Tuesday, August 2, 2011

Protocol Encoding


Protocol: A protocol is a set of rules which have to be followed in the course of some activity. In this article, we use the term “protocol” as a set of formal rules that governs the exchange of information.
PDU: A PDU is an abstraction unit that hides the protocol specific fields.

Representing PDUs

In an abstract manner, we can think PDUs of simple records composed of some fields. It also gives us the opportunity for transforming the communication problem to programming domain. We can retrieve the value of a field or modify the fields of the PDU in a proper way in order to achieve the goal.

General objectives of representation[1] :
  1. Efficiency: The information in the PDU should be coded as compactly as possible.
  2. Delimiting: It must be possible for the receiver to recognise the beginning and end of the PDU.
  3. Ease of decoding: It should be easy for the receiver to find out exactly what information it has received.
  4. Data transparency: The representation should be such that arbitrary sequences of bits can be sent as data within the PDU.

Simple binary encoding:

It just encodes the value without any indicators.This type of encoding is not flexible because size and order of members of the PDU are fixed. The receiver can retrieve the desired value in constant time.

Li be the length of ith item then,

SBE:Algorithms(get parameter, add parameter)
/* Get value of Nth key
Value length is assumed 1
void get(buffer, N, &val)
    val = buffer[n];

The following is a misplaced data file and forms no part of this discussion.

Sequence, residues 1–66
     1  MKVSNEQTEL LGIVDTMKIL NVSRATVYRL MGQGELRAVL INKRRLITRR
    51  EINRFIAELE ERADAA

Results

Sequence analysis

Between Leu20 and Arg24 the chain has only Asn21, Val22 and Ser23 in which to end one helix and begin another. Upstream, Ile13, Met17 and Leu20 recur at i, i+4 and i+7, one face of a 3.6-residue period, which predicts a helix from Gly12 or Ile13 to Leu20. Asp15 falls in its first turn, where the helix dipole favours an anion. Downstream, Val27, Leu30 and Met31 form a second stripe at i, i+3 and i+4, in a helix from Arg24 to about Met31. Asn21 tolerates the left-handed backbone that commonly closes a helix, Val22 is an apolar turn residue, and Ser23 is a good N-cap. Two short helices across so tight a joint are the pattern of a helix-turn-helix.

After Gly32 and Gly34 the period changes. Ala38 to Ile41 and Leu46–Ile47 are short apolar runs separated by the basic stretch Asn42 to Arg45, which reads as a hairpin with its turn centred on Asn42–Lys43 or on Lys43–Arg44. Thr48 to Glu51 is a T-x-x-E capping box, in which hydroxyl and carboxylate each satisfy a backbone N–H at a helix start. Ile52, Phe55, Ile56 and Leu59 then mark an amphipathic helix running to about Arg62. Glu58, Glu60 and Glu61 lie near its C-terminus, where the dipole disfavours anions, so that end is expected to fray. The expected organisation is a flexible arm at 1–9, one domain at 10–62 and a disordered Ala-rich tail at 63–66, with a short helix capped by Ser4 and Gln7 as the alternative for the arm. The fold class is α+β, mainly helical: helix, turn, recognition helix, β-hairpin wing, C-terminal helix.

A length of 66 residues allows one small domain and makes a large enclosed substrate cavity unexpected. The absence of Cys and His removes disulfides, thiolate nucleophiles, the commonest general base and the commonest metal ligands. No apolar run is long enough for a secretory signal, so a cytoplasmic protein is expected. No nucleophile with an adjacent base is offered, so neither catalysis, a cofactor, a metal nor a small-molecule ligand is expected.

void add(buffer, N, val)
    buffer[N] = val;

Type-Length-Value(TLV) encoding

TLV is more flexible than simple binary encoding because fields are laid in an arbitrary order, we can find the encoded value using the type as a key. Also it helps us to implementation to retrieve values using generic parsers.

Li be the length of ith item then,

Size of same amount of data that is encoded using TLV is greater than the one encoded using simple binary encoding.

Figure1.1 may help to understand the algorithms below.
#define TYPE_INDEX 0
#define LEN_INDEX 1
#define VAL_INDEX 2

int get(buffer, type) {
    val = 0;
    i = 0;

    while (1) {
        if (buffer[i] == t)
            val = parser[t](buffer + i + VAL_INDEX); //call the matching parser
        len = buffer[i + LEN_INDEX];
        i = i + len + 1; //jump to next type
    return val;

/* add the value to the end of the buffer */
void add(buffer, type, val, val_len) {
    len = length(buffer);
    buffer[len] = type;
    buffer[len + LEN_INDEX] = val_len;
    buffer[len + VAL_INDEX] = val;
    buffer[len + LEN_INDEX + VAL_INDEX + val_len + 1] = END;

int length(buffer) {
    while (1) {
        if (buffer[i] == END)
        len = buffer[i + LEN_INDEX];
        i = i + len + 1;
    return len;
These encodings both may be used for a protocol at the same time. Fixed parts are encoded using simple binary encoding, while optional parts are encoded using TLV.

Case study: DHCP

Let's try to figure out how the theory is applied to the real-world cases. DHCP is an automatic configuration protocol used on IP networks. Below you can find a DHCP packet structure:

As you see DHCP PDU includes two types of parts:
  • fixed(i.e, op, htype, hlen, hops, xid, ..)
  • variable(options)
Fixed fields are encoded in simple binary encoding, so lengths and orders of the fields are fixed. Any variation of field length or field order causes failure in communication.

DHCP options, variable part, are encoded in TLV. So, it is not a problem how the fields are ordered. Because the node retrieving the message can parse the options correctly by the help of self describing format of TLV. Some options are listed:

Code Description Length
53 DHCP Message Type 1
58 Renewal Time 4
59 Rebinding Time 4

We can retrieve the value of option 53 using get pseudo:

val = get(options, 53)

[1] Principles of Protocol Design-Sharp, Robin

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